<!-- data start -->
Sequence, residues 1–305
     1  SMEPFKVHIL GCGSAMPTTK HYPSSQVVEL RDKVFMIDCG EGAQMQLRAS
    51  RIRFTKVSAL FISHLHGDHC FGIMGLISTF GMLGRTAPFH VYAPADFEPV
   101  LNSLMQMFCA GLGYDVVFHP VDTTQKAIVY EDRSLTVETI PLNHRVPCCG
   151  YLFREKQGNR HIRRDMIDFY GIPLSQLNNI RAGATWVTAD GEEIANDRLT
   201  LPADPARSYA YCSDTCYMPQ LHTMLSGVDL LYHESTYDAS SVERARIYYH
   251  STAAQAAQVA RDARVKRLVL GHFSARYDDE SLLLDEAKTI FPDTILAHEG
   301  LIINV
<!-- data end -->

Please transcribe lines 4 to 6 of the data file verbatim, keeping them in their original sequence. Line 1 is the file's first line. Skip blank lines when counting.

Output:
   101  LNSLMQMFCA GLGYDVVFHP VDTTQKAIVY EDRSLTVETI PLNHRVPCCG
   151  YLFREKQGNR HIRRDMIDFY GIPLSQLNNI RAGATWVTAD GEEIANDRLT
   201  LPADPARSYA YCSDTCYMPQ LHTMLSGVDL LYHESTYDAS SVERARIYYH